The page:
In The GNU Manifesto, Stallman writes that “extracting money from users of a program by restricting their use of it is destructive because the restrictions reduce the amount and the ways that the program can be used.” Here, Stallman has unhelpfully reworded the Law of Demand in sensational terms. Of course charging a price for something means that fewer people will use it, but this is how our economy functions. It seems that Stallman is unhappy having to pay for anything, and would prefer to live in a society where everyone works hard for everyone else without quantified incentives. Perhaps with software, it is particularly realistic to expect that we might actually move in this direction. If so, then the GNU Manifesto is really just a practical case of a much larger manifesto against capitalism in general.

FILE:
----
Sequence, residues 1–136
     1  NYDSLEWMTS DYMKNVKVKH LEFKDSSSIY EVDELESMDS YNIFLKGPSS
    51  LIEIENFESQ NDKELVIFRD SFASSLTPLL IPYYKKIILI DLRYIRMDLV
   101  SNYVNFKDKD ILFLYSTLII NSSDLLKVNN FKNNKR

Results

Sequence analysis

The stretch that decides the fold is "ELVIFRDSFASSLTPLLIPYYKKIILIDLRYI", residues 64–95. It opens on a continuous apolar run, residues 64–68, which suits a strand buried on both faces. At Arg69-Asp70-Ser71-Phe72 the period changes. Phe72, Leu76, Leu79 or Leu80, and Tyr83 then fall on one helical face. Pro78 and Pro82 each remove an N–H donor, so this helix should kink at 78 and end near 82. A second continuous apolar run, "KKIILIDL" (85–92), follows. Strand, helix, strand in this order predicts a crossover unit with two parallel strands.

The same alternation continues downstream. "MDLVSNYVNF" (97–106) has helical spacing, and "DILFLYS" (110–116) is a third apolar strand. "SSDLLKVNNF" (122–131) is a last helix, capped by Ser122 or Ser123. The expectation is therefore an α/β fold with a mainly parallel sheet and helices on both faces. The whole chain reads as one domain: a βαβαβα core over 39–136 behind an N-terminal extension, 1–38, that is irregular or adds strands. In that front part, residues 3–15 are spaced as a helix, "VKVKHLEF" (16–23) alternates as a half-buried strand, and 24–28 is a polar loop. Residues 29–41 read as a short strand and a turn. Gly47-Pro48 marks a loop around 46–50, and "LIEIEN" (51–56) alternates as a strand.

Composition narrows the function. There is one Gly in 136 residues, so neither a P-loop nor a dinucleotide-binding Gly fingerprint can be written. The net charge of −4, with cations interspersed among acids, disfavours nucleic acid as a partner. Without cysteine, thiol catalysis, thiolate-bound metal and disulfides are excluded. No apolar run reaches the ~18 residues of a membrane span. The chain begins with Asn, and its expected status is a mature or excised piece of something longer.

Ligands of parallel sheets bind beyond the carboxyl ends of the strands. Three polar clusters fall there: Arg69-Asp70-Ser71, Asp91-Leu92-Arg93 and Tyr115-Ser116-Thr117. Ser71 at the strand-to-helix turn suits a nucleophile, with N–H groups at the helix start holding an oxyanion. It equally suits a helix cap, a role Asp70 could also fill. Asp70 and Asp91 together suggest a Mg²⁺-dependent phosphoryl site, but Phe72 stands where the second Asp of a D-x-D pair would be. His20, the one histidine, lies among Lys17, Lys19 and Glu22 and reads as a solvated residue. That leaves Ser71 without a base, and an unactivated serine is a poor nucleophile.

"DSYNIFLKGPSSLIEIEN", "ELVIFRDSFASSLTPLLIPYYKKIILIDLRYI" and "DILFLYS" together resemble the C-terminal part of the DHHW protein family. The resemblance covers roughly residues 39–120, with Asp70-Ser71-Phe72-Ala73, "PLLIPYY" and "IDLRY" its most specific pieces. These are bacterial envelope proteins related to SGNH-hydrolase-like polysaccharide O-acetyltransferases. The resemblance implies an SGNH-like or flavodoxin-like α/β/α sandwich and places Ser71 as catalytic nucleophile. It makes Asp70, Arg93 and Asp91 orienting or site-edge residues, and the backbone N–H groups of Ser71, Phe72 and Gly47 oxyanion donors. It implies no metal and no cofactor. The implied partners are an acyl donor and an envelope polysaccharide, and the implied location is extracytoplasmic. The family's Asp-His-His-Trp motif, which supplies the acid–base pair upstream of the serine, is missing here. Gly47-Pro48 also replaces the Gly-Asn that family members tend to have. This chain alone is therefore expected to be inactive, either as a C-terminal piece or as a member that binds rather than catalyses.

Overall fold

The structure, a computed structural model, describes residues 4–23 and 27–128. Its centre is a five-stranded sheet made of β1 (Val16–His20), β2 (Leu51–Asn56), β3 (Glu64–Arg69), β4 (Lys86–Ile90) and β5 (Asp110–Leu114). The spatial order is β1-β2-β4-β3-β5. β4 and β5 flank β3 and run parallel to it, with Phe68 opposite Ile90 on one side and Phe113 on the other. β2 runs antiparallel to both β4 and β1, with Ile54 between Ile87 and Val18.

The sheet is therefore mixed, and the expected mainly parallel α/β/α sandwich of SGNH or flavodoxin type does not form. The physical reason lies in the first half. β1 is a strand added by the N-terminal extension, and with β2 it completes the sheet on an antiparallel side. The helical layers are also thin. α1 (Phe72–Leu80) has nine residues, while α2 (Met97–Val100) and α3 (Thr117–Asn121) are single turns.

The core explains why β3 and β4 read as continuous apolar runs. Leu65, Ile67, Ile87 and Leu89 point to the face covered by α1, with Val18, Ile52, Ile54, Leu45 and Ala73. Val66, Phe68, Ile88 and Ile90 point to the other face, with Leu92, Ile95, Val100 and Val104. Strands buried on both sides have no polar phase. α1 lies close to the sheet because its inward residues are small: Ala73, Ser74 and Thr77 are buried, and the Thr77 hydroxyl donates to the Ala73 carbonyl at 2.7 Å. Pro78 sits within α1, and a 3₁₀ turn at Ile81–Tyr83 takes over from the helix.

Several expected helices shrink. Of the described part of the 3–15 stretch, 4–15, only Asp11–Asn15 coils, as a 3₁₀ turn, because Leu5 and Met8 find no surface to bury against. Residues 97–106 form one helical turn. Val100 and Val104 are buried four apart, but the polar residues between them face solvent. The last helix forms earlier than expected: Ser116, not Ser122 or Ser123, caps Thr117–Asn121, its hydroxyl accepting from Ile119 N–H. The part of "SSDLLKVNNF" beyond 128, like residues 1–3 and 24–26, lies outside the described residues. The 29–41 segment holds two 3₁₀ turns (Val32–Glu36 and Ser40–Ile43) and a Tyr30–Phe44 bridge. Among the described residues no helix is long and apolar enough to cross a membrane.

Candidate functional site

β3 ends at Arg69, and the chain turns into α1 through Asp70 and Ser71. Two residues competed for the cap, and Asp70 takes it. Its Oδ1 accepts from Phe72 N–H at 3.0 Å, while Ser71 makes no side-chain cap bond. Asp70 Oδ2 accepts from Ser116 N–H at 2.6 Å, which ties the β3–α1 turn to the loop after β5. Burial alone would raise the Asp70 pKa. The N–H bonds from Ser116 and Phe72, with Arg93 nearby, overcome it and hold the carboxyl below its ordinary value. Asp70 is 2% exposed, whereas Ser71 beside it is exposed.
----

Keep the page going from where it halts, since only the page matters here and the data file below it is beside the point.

The examples of free labor we have discussed so far seem largely to be fundamentally secondary activities. We may labor for YouTube by posting content to their website, but one could not pursue YouTube posting as a full-time job. It seems that producing free software must also remain secondary to the business of proprietary software. If the software industry were entirely open source, I would expect that there would be many fewer professional programmers. And if GNU is destined to remain secondary to proprietary programming, then I don’t see why Stallman must make the relationship between open source and proprietary software sound so antagonistic.